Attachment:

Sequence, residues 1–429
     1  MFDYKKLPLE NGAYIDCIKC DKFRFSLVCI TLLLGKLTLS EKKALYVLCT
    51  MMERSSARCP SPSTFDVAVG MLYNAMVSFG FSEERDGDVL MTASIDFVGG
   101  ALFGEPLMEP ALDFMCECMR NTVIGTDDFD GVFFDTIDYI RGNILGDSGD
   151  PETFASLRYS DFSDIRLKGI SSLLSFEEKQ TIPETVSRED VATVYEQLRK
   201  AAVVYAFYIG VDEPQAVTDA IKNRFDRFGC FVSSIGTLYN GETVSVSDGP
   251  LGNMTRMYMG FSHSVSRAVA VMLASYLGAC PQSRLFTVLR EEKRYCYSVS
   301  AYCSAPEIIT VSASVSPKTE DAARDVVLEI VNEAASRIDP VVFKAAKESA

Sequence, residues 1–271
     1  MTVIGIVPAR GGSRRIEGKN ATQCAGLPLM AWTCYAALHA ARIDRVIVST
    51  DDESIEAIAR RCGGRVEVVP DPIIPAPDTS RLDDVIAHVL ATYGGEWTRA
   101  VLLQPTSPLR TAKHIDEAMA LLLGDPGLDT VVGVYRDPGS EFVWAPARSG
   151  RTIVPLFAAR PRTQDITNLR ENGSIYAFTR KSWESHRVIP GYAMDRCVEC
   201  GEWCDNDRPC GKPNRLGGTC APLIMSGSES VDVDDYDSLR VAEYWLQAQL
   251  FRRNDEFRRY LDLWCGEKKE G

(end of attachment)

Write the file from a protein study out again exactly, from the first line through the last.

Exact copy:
Sequence, residues 1–429
     1  MFDYKKLPLE NGAYIDCIKC DKFRFSLVCI TLLLGKLTLS EKKALYVLCT
    51  MMERSSARCP SPSTFDVAVG MLYNAMVSFG FSEERDGDVL MTASIDFVGG
   101  ALFGEPLMEP ALDFMCECMR NTVIGTDDFD GVFFDTIDYI RGNILGDSGD
   151  PETFASLRYS DFSDIRLKGI SSLLSFEEKQ TIPETVSRED VATVYEQLRK
   201  AAVVYAFYIG VDEPQAVTDA IKNRFDRFGC FVSSIGTLYN GETVSVSDGP
   251  LGNMTRMYMG FSHSVSRAVA VMLASYLGAC PQSRLFTVLR EEKRYCYSVS
   301  AYCSAPEIIT VSASVSPKTE DAARDVVLEI VNEAASRIDP VVFKAAKESA

Sequence, residues 1–271
     1  MTVIGIVPAR GGSRRIEGKN ATQCAGLPLM AWTCYAALHA ARIDRVIVST
    51  DDESIEAIAR RCGGRVEVVP DPIIPAPDTS RLDDVIAHVL ATYGGEWTRA
   101  VLLQPTSPLR TAKHIDEAMA LLLGDPGLDT VVGVYRDPGS EFVWAPARSG
   151  RTIVPLFAAR PRTQDITNLR ENGSIYAFTR KSWESHRVIP GYAMDRCVEC
   201  GEWCDNDRPC GKPNRLGGTC APLIMSGSES VDVDDYDSLR VAEYWLQAQL
   251  FRRNDEFRRY LDLWCGEKKE G